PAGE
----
Presented in the Teresa Lozano Long Gallery, a smallish room on the ground floor, right across from the entrance to the museum, Salon Style: French Portraits from the Collection promised more than it delivered. With a beautiful full color brochure, and the title suggesting paintings crowding the wall from eye level to the ceiling, I was rather disappointed to find that there were many more empty “frames”—plaster moldings painted the same gray as the walls—than there were actual works. Nevertheless, there are a few treats in store for the viewer, and the exhibit’s premise is conceptually and historically significant.
Although the question about why there are so few women artists in the art historical canon of western art may seem superfluous, it is remarkable that the answer still remains widely unknown among the general public, or misunderstood. Women generally were not encouraged in any way to pursue careers as artists, and those who by class might have had both the time and support to study or make art were strongly discouraged from it. Indeed, the few women whose names are found in the art history textbooks these days who lived before 1700 were fairly all daughters of practicing male artists who trained them. A good example of such an artist would be Artemisia Gentileschi whose training in drawing and painting in her father Orazio’s studio allowed her to pursue a career in Florence where she was the first woman accepted in to the Florentine Accademia del Disegno. Indeed, women were barred from the very kind of training that would equip them to paint the large figural compositions that would have put them in competition with male artists. The emphasis on figure drawing that existed in the 16th and 17th centuries required a foundation in that art to which women were not granted access. Thus, many women artists, well into the 19th century, settled for the ‘lesser’ genres of still life and portraiture.
Yet it was only in the 18th century that we begin to see the success of women artists as painters of portraits. The Rococo style which became dominant in France from about 1720 favored a light touch, without too much drawing. And in this environment, pastel moved to the forefront because of the way in which it could render softened and blended tones of skin and fabric. Pastel was also ideal for copyists—who were legion in France—because of the rapidity of the technique which didn’t require long drying time.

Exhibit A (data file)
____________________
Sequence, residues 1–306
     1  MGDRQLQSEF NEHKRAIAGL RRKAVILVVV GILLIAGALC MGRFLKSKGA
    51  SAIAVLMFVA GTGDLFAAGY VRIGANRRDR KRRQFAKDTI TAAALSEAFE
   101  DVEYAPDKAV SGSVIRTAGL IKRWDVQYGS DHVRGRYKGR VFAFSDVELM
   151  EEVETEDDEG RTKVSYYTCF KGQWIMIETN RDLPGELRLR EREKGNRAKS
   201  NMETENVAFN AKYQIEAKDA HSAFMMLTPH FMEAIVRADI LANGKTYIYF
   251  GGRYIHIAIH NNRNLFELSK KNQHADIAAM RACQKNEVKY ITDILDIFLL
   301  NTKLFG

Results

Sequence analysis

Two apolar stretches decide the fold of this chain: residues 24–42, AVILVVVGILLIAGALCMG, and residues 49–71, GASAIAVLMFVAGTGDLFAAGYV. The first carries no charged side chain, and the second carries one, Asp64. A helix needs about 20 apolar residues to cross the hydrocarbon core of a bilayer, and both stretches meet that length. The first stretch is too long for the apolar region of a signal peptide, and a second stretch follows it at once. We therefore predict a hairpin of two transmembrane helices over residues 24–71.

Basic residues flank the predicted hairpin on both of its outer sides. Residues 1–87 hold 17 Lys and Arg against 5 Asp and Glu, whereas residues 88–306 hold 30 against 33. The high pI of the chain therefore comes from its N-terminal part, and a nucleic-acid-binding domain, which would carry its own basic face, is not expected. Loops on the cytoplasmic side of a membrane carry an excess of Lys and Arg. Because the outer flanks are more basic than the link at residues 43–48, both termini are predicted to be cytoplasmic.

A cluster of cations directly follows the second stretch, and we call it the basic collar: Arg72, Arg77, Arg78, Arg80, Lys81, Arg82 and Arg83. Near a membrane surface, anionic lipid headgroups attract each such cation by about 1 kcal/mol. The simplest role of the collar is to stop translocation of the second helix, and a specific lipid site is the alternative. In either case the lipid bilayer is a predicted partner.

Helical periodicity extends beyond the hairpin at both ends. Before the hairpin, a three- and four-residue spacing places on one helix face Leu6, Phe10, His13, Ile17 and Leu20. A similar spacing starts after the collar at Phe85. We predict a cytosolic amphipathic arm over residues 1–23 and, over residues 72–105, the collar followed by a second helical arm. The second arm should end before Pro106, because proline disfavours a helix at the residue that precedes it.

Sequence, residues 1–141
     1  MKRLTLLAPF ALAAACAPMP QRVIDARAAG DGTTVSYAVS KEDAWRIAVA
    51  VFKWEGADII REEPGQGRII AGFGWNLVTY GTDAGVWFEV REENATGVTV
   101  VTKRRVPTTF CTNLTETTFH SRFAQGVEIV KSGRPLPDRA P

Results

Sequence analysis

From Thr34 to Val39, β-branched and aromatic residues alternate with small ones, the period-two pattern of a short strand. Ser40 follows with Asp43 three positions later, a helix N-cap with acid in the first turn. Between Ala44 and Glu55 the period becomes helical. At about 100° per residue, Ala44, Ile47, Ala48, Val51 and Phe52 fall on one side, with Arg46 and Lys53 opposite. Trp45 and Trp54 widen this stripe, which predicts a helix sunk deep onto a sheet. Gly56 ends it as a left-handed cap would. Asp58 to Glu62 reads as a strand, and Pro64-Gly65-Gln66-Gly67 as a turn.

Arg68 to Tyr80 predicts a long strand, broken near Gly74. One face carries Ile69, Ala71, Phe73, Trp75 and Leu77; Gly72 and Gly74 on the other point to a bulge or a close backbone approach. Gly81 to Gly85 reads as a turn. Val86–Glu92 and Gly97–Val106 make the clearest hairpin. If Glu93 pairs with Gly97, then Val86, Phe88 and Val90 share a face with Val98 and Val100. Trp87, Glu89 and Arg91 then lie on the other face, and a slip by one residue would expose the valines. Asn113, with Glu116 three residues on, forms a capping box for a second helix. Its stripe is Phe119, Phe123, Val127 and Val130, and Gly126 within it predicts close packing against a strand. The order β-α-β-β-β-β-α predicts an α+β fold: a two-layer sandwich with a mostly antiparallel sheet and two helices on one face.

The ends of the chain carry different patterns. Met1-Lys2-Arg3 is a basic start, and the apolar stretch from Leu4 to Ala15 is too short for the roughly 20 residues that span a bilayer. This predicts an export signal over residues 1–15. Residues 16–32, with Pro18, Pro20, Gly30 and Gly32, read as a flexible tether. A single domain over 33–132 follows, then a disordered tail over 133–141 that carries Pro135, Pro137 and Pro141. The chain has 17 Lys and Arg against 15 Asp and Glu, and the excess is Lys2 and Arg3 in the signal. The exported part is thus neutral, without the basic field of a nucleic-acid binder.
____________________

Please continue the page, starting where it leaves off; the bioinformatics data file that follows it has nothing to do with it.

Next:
Hence, we have numerous pastel portraits executed by women, a few of which are in this exhibit. The earliest is a work by Rosalba Carriera (1675-1757), Venetian by birth, but who travelled to France in 1720 where she was actually admitted to the French Academy. It was she who introduced pastel as a prime medium for portraits, and for the occasional allegorical bust length figure, much like a portrait. Yet, as in this exhibit, the allegory of America is portrayed by a softly rendered young woman decorated with delicate pink feathers, a quiver of arrows and a jeweled headband. She looks like a French princess in dress-up as an American Indian, but in c. 1730 that was exactly what Carriera’s patrons wanted to see.
Probably the most widely recognized artist in the exhibit is Elisabeth Louise Vigée-LeBrun (1755-1842) whose extraordinarily long career spanned the French Revolution, the Restoration, and the July Monarchy. She was the preferred portraitist of the much maligned Queen Marie-Antoinette. Her 1783 portrait of the Queen holding a rose showed her as a person of sensibilité: the quality of delicate sensitivities that was then still the fashion. A half-length pastel copy of this portrait by an unknown artist (probably a woman) is in this exhibit attesting to its popularity. It is in sharp contrast to the later 1789 portrait of the Queen in a Neo-Classical setting seated with her children surrounding her. And it is also in sharp contrast to the portraits of two unknown sitters, one by Adélaide Labille-Guiard and the other by Marie-Victoire Lemoine—both c. 1790—whose costume and confident expressions connote the changed atmosphere of Revolutionary France. Because of her close relationship to the royal family Vigée-LeBrun managed to leave France in 1789 before the situation became too dangerous. She first went to Italy where she painted a self-portrait for the painter’s guild, the Academy of Saint Luke, into which she was admitted. Many copies, some dating much later, of this painting exist. One of them, in oil on canvas by Charles Bianchini from c. 1885, is in this exhibit.
Vigée-LeBrun spent about half of her thirteen year exile from France in Russia at the court of Catherine the Great. It was there that she painted the most compelling work in the show: a portrait of Princess Belozersky (1798). The twenty-one year old princess, wearing a loose turban and amber jewelry, looks out at the viewer with calm intensity. The dramatic lighting with deep chiaroscuro shading makes her seem to emerge from the dark background, her lively character and warm smile attracting the viewer’s attention.